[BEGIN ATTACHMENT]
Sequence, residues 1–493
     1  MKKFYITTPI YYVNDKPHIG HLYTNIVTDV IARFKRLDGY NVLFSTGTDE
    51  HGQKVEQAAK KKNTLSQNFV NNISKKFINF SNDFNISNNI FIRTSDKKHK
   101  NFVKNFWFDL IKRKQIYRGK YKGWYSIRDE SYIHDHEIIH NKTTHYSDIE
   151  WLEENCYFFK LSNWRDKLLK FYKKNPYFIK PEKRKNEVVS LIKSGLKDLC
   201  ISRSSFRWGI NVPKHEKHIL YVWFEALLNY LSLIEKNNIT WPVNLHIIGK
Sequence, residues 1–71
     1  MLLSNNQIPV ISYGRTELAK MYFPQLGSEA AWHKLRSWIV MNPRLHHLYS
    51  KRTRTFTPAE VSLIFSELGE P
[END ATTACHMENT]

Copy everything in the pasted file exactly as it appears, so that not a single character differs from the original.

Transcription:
Sequence, residues 1–493
     1  MKKFYITTPI YYVNDKPHIG HLYTNIVTDV IARFKRLDGY NVLFSTGTDE
    51  HGQKVEQAAK KKNTLSQNFV NNISKKFINF SNDFNISNNI FIRTSDKKHK
   101  NFVKNFWFDL IKRKQIYRGK YKGWYSIRDE SYIHDHEIIH NKTTHYSDIE
   151  WLEENCYFFK LSNWRDKLLK FYKKNPYFIK PEKRKNEVVS LIKSGLKDLC
   201  ISRSSFRWGI NVPKHEKHIL YVWFEALLNY LSLIEKNNIT WPVNLHIIGK
Sequence, residues 1–71
     1  MLLSNNQIPV ISYGRTELAK MYFPQLGSEA AWHKLRSWIV MNPRLHHLYS
    51  KRTRTFTPAE VSLIFSELGE P